four Install GraphEdit and drag-n-drop the media file into the window. It will build a (default) graph that Windows Media Player will be using for playback.
Do you see AC3Filter in it? If not, it is not configured properly. Do you see the AC3Filter service starting when using MPC?
Did you check the "Prefer AC3Filter" box on the System tab?

Around the time AC3Filter was at version 1.01/1.05, some configurations would just refuse to work. Try another version...
2013-12-09 11:53 PM
Stevemo Thank you for hanging in with me!
I did find a fix to the slow playback, I had to set up Media Center Classic exactly as shown on the AC3Filter website.
The final stumbling point seems to be PCM over SPDIF is always stereo as mentioned previously. No matter what I fiddle with the receiver is stuck saying "PCM 96" on the display and plays STEREO (well, it can play its lame upmix's but it won't play AC3Filters upmix that I'm sending it). I suspect I need to get Analog cables to wire the 8-channels directly into my receiver to get around this. Am I correct in assuming that AC3Filter can mix the signals via the Analog? Who even makes these cables? I've looked on ebay and couldn't figure out what they are called.
I watched Austin City Limits on PBS using 7-channel stereo last night and it was absolutely awesome, I hope to get this sorted out on the PC soon enough.
Cheers, Steve
2013-12-09 10:47 PM
ExDilbert I've seen misconfigured audio interfere with video playback. It means you are close but something is still not correct. Once again, you need to enable audio pass through when using digital output, such as S/PDIF. Anything else is suboptimal. That's basically the only change that needs to be made in AC3Filter. In Windows, the correct output device needs to be enabled. VLC Player uses built in codecs so it will not use AC3Filter. VLC Player audio options must be configured in VLC Player.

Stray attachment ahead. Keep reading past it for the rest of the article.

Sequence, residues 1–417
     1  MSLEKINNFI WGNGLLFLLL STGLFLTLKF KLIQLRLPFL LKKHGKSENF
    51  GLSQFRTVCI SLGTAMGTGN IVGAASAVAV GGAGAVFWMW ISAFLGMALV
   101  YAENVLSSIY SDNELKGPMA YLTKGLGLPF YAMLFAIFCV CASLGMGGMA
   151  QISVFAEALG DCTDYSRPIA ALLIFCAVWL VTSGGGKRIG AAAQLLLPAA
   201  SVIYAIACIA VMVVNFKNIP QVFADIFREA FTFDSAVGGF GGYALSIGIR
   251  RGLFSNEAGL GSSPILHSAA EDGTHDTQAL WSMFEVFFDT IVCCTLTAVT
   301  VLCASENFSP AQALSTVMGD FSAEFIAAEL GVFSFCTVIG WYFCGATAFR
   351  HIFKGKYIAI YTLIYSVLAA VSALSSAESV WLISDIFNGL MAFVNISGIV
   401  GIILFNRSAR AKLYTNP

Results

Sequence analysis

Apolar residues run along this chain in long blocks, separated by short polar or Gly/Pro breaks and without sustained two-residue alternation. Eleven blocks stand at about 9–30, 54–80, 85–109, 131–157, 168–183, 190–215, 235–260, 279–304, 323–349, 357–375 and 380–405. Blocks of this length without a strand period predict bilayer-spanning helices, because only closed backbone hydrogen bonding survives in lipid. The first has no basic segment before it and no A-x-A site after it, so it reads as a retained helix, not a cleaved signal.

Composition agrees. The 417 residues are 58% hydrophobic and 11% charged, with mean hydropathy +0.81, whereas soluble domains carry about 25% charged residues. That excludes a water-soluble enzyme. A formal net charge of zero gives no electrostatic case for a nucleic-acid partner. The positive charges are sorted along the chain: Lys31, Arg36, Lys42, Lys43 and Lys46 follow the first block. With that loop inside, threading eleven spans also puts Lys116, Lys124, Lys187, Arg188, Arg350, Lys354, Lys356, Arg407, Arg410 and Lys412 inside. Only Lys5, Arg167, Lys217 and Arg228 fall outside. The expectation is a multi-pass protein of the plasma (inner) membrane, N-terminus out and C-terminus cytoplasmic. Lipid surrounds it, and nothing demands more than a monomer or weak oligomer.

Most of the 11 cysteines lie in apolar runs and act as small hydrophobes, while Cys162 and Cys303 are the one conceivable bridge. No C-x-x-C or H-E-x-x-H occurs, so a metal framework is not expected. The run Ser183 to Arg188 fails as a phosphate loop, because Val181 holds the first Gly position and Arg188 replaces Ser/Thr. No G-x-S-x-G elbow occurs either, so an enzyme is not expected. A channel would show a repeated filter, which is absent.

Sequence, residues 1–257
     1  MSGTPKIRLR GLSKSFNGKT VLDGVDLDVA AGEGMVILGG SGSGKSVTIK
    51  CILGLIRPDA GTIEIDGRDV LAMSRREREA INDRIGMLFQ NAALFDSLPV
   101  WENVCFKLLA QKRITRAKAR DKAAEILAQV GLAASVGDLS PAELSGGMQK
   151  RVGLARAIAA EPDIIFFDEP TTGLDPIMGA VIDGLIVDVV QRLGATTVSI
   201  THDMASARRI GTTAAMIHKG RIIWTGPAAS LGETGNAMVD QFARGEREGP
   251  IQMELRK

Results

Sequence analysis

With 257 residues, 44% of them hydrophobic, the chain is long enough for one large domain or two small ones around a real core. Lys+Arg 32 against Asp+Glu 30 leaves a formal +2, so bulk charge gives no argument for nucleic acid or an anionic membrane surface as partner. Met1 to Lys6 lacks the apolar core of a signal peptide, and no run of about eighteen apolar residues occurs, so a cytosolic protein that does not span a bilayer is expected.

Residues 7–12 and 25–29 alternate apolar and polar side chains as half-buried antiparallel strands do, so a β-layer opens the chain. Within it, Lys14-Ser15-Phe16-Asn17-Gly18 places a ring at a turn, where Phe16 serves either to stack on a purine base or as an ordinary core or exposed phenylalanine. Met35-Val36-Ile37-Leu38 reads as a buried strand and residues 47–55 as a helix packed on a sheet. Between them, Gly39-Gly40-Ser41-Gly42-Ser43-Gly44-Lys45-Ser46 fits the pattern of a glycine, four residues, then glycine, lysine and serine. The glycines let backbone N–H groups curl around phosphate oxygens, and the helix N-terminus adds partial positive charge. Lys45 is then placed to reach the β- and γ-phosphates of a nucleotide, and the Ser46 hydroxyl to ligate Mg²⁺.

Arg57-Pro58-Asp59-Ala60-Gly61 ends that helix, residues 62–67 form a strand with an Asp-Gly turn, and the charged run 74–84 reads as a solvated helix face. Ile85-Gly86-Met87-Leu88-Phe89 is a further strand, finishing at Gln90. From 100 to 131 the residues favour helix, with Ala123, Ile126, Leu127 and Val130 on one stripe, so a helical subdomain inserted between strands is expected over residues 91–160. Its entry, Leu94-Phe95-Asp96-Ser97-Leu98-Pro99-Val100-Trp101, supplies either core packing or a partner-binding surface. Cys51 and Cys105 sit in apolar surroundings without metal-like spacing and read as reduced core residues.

2013-12-09 08:31 PM
Stevemo Interesting, I can get AC3Filter to show some life with Media Player Classic. It thinks it is remixing the audio but it is just coming out in Stereo on the receiver so I am getting closer. When I pick "Use SPDIF" the audio disappears and the playback shows slow (counts 1 second every 3 seconds or so).
2013-12-09 08:14 PM
Stevemo Hmm, I am now in a fresh install of Windows 8.1 x64 and AC3Filter still cannot intercept the audio from VLC Player. Also, the goal is not to pass through anything, I want to rig it to use 7 speakers at all time.